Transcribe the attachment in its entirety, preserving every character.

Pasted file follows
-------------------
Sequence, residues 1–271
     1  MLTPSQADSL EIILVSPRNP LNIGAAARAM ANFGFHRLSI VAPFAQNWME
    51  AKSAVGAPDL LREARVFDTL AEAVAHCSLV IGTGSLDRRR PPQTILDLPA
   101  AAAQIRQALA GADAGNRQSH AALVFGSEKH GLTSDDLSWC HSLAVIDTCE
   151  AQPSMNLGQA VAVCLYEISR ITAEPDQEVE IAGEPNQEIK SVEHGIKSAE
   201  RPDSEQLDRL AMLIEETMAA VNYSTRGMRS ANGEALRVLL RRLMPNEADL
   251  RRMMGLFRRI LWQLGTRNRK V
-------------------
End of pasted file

Sequence, residues 1–271
     1  MLTPSQADSL EIILVSPRNP LNIGAAARAM ANFGFHRLSI VAPFAQNWME
    51  AKSAVGAPDL LREARVFDTL AEAVAHCSLV IGTGSLDRRR PPQTILDLPA
   101  AAAQIRQALA GADAGNRQSH AALVFGSEKH GLTSDDLSWC HSLAVIDTCE
   151  AQPSMNLGQA VAVCLYEISR ITAEPDQEVE IAGEPNQEIK SVEHGIKSAE
   201  RPDSEQLDRL AMLIEETMAA VNYSTRGMRS ANGEALRVLL RRLMPNEADL
   251  RRMMGLFRRI LWQLGTRNRK V